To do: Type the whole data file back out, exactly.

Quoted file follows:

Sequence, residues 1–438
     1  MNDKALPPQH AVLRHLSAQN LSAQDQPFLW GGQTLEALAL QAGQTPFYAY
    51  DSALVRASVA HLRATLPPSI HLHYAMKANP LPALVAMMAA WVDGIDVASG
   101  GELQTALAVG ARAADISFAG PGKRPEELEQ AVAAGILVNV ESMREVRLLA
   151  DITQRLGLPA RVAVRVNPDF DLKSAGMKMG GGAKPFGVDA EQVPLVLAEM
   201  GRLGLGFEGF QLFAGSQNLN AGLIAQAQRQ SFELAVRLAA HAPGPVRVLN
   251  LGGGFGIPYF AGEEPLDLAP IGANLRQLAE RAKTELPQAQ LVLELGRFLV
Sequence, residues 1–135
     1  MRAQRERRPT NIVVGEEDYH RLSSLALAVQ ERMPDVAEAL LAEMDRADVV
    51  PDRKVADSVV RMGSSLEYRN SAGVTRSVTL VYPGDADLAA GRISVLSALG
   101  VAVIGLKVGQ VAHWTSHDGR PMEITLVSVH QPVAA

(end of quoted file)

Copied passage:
Sequence, residues 1–438
     1  MNDKALPPQH AVLRHLSAQN LSAQDQPFLW GGQTLEALAL QAGQTPFYAY
    51  DSALVRASVA HLRATLPPSI HLHYAMKANP LPALVAMMAA WVDGIDVASG
   101  GELQTALAVG ARAADISFAG PGKRPEELEQ AVAAGILVNV ESMREVRLLA
   151  DITQRLGLPA RVAVRVNPDF DLKSAGMKMG GGAKPFGVDA EQVPLVLAEM
   201  GRLGLGFEGF QLFAGSQNLN AGLIAQAQRQ SFELAVRLAA HAPGPVRVLN
   251  LGGGFGIPYF AGEEPLDLAP IGANLRQLAE RAKTELPQAQ LVLELGRFLV
Sequence, residues 1–135
     1  MRAQRERRPT NIVVGEEDYH RLSSLALAVQ ERMPDVAEAL LAEMDRADVV
    51  PDRKVADSVV RMGSSLEYRN SAGVTRSVTL VYPGDADLAA GRISVLSALG
   101  VAVIGLKVGQ VAHWTSHDGR PMEITLVSVH QPVAA